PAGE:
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Outline lecture Revise arrays Entering into an array Totalling values in an array Sequential search.

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Presentation on theme: "Outline lecture Revise arrays Entering into an array Totalling values in an array Sequential search."— Presentation transcript:

1 Outline lecture Revise arrays Entering into an array Totalling values in an array Sequential search

2 What is an Array We are interested in one-dimensional arrays An array has a fixed number of elements and all elements are of the same type Each box has an index which in java and C++ starts with 0 Here is an array which holds the ages of 10 people

3 Lets look at this array in detail What do you notice about the array ? Is the data organised in any particular way?

4 Examples of Arrays Draw an array of 20 elements which contains student marks – what type will it be ? Draw an array of 15 elements which contains student grades ranging form A-E – what type will it be?

5 Entering data into an array When you enter data into an array we use a loop What type of loop do you think we will use? Hint – we know the number of elements there are in the array Use a counter to keep track of how many elements are entered into the array

6 Entering data into an array Algorithm Loop : R = 1 to 10 Enter A( R) Loop end The number of elements in array is 10 The counter of loop (R ) allows the computer to increase the element number by 1 each time a piece of data is entered into a memory location The computer can find a particular element in the array by using the reference number index represented by R R = loop counter A(R ) = element R in the A array Read R Enter A(R ) R B

7 Accumulating the elements of array You may need to sum the elements of an array Initialise the sum variable which contains the total to zero The instruction Sum = Sum + A(R ) tells the computer to add the valve of element A(R ) to the old valve of the sum (Sum) and to store the result into sum memory location (Sum) Algorithm Loop : R = 1 to 10 sum = Sum + A( R) Loop end The number of elements in array is 10 The counter of loop (R ) allows the computer to increase the element number by 1 each time a piece of data is entered into a memory location Sum = Sum of the elements of A A(R ) = element R in the A array R151R151 Sum = Sum + A(R ) R B Calc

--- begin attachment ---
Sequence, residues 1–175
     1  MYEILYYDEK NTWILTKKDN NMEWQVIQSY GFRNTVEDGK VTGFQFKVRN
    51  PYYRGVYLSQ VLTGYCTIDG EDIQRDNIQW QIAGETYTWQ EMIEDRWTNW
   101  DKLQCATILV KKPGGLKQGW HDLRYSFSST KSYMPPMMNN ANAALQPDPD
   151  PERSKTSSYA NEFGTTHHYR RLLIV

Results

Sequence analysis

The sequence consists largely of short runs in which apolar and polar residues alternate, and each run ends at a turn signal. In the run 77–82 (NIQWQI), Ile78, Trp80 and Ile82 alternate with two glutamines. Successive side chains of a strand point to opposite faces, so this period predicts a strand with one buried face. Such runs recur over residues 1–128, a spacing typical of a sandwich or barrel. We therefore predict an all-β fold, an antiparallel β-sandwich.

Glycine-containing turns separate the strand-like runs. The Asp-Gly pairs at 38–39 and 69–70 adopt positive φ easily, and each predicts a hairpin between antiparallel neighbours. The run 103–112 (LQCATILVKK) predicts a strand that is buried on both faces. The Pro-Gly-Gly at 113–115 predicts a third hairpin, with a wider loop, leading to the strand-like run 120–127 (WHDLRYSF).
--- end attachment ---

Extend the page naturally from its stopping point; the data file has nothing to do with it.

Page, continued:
8 Why Search ? Everyday life -We always Looking for something – builder yellow pages, universities, hairdressers Computers can search World wide web – Spreadsheet – Databases – Large records – 1000s takes time - many comparison slow system – user wont wait long time

9 Search Algorithms Different types – Sequential Search, Binary Search Discuss - search algorithms - analyze them Analysis of the algorithms enables programmers to decide which algorithm to use for a specific application

10 Some observations – Key each item in a data set - special member that uniquely identifies the item in the data set For e.g University - a data set which contains student records – student ID uniquely identifies each student This unique member of the item is called Key of the item

11 Some observations - Key Where can Keys of the item in a data set be used in ? When searching the data set - for a particular item, what do we do ? compare the key of the item for which we are searching - with the keys of the items in the data set – e.g if we looking particular student id in a list of student id exam results